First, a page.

• Wes Hazard

Watching this came in handy


It was all the rage on Twitter late last summer but I missed the initial conversation about the marine documentary My Octopus Teacher. I got the sense that people really loved it overall, with some people expressing disbelief/discomfort with the level of intimacy developed between the filmmaker and the octopus he spent a year visiting. I didn't think much of it either way but I finally sat down and watched the film in October and...


I was amazed. I totally loved it. I was fascinated by the underwater world, the octopus itself, it's daily struggles to survive, the bond formed by filmmaker with it, and the emotional/narrative arc. I teared up a little, I resolved to spend more time in nature just appreciating it, my convictions about how I want to be a father to my unborn children were affirmed. It was a lot. I went in for this movie hook, line, and sinker.


HOWEVER, as I've started to dig deeper into people's reactions I realize that as I was watching I didn't ask myself a lot of questions that maybe need to be asked and I have to admit that while I love and appreciate the fairly tale relationship (weird, but fairy tale) presented in the doc it all does seem to rest on a fallacy. That being the continual and complete attribution of human characteristics and intentions onto an essentially unknowable consciousness. We do not, and 1000% cannot know what or how an octopus thinks. I mean, we can't even do that for a chimpanzee and that animal is several orders of magnitude closer to us in every way. When I see the Octopus in the doc "playing" with fish it really does look joyous, and as far as I know the activity is not serving any immediate survival purpose, but all I and the filmmaker are doing is taking a resolutely octopus activity, running it through our mental index to find a somewhat similar activity based solely on appearances, and graphing that human experience (again based only on superficial resemblance), onto the inner life of a being which, as far as we're concerned, might as well be an alien. There's nothing "evil" or "wrong" with that, it's kind of how humans process the world, but it doesn't make that interpretation accurate in any way. It is fine to look at an octopus and think "it's playing!" and find joy in that...as long as you always keep in mind that it can only be a nice thought and has no bearing on the needs/desires of a different species.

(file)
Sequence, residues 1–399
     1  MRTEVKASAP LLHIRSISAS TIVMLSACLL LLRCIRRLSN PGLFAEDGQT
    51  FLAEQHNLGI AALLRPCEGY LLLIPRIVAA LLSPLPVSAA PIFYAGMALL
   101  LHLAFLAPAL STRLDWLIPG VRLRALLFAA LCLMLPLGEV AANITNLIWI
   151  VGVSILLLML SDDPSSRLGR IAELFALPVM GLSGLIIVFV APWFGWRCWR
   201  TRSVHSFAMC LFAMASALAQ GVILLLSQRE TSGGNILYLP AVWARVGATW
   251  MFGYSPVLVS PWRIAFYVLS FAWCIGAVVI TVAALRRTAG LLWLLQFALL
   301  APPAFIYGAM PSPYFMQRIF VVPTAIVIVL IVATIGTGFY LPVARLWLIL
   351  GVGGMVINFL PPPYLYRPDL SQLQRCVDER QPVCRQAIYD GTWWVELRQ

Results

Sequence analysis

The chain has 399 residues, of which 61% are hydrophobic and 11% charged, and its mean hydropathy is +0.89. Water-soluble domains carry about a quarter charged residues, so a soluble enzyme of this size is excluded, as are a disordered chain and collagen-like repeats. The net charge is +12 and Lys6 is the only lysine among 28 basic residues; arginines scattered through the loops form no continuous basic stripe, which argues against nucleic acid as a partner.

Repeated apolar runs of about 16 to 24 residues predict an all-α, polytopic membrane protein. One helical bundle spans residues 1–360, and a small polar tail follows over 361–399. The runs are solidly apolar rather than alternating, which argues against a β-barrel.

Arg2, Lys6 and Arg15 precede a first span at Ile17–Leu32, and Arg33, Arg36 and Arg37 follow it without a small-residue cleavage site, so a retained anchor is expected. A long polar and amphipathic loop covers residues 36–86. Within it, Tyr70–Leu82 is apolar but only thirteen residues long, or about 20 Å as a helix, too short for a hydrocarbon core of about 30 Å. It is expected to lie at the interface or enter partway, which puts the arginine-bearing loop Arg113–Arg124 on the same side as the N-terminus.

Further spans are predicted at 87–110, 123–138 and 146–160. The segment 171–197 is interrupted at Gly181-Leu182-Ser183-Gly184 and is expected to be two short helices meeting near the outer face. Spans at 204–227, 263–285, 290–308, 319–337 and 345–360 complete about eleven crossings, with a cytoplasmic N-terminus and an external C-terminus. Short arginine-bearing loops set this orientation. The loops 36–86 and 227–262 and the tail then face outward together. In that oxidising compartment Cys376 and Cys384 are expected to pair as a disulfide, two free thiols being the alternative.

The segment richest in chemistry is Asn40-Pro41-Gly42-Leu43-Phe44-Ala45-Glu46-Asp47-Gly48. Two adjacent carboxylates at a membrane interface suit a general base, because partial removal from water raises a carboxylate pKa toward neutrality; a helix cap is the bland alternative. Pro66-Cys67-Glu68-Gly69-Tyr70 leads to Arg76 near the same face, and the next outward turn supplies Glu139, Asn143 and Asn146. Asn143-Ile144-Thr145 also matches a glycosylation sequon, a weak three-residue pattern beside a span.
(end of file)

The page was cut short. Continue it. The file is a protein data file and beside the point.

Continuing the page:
This excellent critique video discusses all of this at length (with some solid humor/sarcasm) and also dives into a whole slew of other contradictions, biases, omissions, problems with the film. Some of these are really important, esp with regard to colonial tendencies and environmental impacts. It's essential to keep these in mind because MOT is well-made and awe-inspiring and seductive and a lot of people, like me, will love it. I still love the way it made me feel and wonder is a beautiful thing. But its simply irresponsible to not consider the points raised here. I'm glad this was made. Watch the film and watch this. See how you feel for yourself.


P.S. Back in October, having watched My Octopus Teacher I, being Wes, soon sat down to dig into the Wikipedia article for the common octopus which led me to the page for for cephalopods, which includes basically 4 animals in 2 branches: the squid, the octopus, the cuttlefish on one side and the nautilus on the other, which is extremely helpful to know in case, hypothetically, you're ever in a high-stakes situation where you get asked about cephalopods.

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